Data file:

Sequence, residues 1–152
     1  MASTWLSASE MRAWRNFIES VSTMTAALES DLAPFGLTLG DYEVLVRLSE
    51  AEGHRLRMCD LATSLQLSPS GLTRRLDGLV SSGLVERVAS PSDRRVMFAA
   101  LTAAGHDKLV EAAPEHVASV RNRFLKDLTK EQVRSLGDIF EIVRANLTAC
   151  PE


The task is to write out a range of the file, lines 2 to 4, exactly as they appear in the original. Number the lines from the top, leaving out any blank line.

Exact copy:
     1  MASTWLSASE MRAWRNFIES VSTMTAALES DLAPFGLTLG DYEVLVRLSE
    51  AEGHRLRMCD LATSLQLSPS GLTRRLDGLV SSGLVERVAS PSDRRVMFAA
   101  LTAAGHDKLV EAAPEHVASV RNRFLKDLTK EQVRSLGDIF EIVRANLTAC